Flashback 1981: When headphones were just a "fad"

1981 Flashback: America falls in love with he... 03:17

You'd be hard pressed today to look anywhere without seeing someone wearing headphones. We've all seemingly accepted that the world will be tuned out in favor for whatever is traveling up those cords.

But in 1981 widespread use of headphones was new enough to warrant a report by the "CBS Evening News." Thankfully, former CBS News correspondent Bernard Goldberg knew just how to explain the transformation taking place.

"From the noisy streets of New York to the laid back tranquility of California, Americans are tuning out and tuning in," reported Goldberg. "It's the latest fad, tiny stereo cassette players with featherweight headphones."

headphones-1981-hnc93-subframe1822.jpg
CBS News correspondent Bernard Goldberg talks to a man about his headphones, 1981 CBS News

The model most seen in the story appears to be Sony's TPS-L2 -- the first model of the first-generation Walkman personal stereos. Sony says that critics inside and outside the company thought that "without a recording function, it won't sell," but the device proved to be a huge success.

So huge, in fact, Americans couldn't get enough of it.

13sonytps-l2walkman.jpg
Sony's TPS-L2 SONY

"You know listening to Beethoven, walking in Manhattan, walking in the streets, it's pretty nice as opposed to hearing sirens going by and jackhammers," said one man. "It just puts you in your own world by yourself."

"It's like carrying your stereo with you, you know, on your head and it's light," said another man.

How deep one's pockets were seemed to have no bearing on who purchased headphones. At $150 apiece, about 750,000 were using them on the go, according to Goldberg's 1981 report. For perspective, consider that every iPhone comes with a pair of headphones; Apple sold 10 million new iPhones in the first three days of sale in September 2014.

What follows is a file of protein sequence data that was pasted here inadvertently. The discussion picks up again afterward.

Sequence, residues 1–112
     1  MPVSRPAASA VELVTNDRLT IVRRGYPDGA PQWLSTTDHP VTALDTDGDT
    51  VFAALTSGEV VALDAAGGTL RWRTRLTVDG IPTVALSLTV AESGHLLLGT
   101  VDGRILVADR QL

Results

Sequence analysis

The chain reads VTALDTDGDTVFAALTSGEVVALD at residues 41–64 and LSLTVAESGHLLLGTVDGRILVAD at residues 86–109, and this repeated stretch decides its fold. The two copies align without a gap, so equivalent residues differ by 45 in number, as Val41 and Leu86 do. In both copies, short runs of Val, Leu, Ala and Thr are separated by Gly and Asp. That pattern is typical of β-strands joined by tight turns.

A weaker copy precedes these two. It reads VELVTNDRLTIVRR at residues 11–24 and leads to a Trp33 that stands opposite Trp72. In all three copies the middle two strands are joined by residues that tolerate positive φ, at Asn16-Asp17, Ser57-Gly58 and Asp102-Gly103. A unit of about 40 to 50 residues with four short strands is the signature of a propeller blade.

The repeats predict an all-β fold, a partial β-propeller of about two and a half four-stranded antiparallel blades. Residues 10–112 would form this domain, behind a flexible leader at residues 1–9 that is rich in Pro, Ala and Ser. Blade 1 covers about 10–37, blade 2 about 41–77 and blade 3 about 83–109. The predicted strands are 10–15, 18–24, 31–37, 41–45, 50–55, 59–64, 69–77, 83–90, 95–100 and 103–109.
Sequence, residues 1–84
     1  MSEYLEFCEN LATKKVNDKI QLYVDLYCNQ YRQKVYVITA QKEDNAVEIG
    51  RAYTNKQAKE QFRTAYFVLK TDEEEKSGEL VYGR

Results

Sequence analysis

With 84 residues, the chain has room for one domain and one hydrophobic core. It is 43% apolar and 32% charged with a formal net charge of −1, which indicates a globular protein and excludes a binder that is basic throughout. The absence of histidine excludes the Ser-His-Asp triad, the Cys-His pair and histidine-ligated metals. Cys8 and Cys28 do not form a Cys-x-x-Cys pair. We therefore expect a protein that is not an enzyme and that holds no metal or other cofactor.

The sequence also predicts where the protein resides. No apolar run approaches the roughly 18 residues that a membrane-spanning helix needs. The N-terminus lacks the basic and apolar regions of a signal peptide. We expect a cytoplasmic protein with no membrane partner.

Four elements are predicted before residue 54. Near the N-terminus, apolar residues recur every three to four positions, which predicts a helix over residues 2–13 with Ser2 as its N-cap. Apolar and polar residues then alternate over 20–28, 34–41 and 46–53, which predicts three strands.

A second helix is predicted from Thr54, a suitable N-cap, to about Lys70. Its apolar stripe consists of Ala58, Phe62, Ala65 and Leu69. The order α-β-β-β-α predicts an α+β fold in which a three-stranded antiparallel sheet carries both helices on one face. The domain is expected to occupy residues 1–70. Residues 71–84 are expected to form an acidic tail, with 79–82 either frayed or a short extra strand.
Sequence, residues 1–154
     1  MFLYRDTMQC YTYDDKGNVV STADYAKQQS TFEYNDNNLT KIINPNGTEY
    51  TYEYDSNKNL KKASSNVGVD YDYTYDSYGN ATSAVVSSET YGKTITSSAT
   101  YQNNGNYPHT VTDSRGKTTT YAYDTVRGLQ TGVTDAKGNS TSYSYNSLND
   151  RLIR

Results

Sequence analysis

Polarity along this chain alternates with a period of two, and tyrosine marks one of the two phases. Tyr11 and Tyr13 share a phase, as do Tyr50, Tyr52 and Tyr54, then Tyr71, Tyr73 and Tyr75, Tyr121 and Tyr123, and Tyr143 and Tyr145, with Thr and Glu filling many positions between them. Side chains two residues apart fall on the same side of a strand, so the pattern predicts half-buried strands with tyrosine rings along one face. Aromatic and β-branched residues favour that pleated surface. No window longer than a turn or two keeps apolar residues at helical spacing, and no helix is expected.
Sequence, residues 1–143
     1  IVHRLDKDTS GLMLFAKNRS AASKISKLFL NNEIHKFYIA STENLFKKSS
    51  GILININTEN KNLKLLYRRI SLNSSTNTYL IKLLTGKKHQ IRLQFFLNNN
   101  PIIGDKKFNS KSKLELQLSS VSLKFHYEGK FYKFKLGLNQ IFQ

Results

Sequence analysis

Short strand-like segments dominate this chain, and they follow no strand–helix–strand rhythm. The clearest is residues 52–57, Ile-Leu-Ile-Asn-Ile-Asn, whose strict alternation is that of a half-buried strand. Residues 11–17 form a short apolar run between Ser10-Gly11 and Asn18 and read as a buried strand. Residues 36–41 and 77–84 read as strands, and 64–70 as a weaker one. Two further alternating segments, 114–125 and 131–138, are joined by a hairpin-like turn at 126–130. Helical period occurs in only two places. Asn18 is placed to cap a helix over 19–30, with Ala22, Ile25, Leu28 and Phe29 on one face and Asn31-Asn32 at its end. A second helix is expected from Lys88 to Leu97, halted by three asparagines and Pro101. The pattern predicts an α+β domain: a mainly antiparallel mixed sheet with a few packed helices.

"Everybody is buying the machines, anyone from wealthy executive who likes to spend his weekends out on a sailboat listening to Beethoven, to the street kid listening to new wave music down in the subways," said audio salesman Douglas Corley.

"Is it the Me Generation gone wild?" wondered Goldberg. "The height of anti-social behavior? Electronic snobbery?

One fan of headphones in Atlanta reasoned: "The rest of the world tunes out to me sometimes, so I may as well do it to them."

roller-woman.jpg
A woman rollerblades with her cassette player in Central Park, 1981 CBS News

The sudden love affair with the headphones may make you wonder how people coped with noisy commutes before the devices became readily available. As it turns out, the people of the 80s didn't mind heaving to lift a big boom box to hear their tunes.

"Some still prefer last year's model, the radio that's about as big the Empire State Building and as loud as World War II," Goldberg joked.

headphones-1981-hnc93-subframe3949.jpg
A man holds a large boom box in New York City, 1981 CBS News

It didn't take long before Goldberg found a young man blasting music on a boom box in New York, providing the perfect opportunity to ask him what he thought about people who used headphones.

"I don't know," said the man. "It's different strokes for different folks."

Different strokes indeed, in the midst of this serenade, developed one of those mellow happenings that exemplify the sophistication for which New York is so admired.

headphones-1981-hnc93-subframe4657.jpg
A man, left, confronts a boom box listener, right, about being annoyed by the noise CBS News

"You're bothering me!" shouted an elderly man to the boom box holder. "Bothers the hell out of me! I think you're invading my life space with that damn thing! You are really. Not only mine but everybody else around here."

As Goldberg put it: "It's nice to know that music can bring serenity to people, that music hath charms to soothe the savage breast, it's really quite confirming."

Goldberg is a correspondent for HBO's "Real Sports with Bryant Gumbel" and a commentator for Fox News.

And that's the way it was on Friday, May 22, 1981.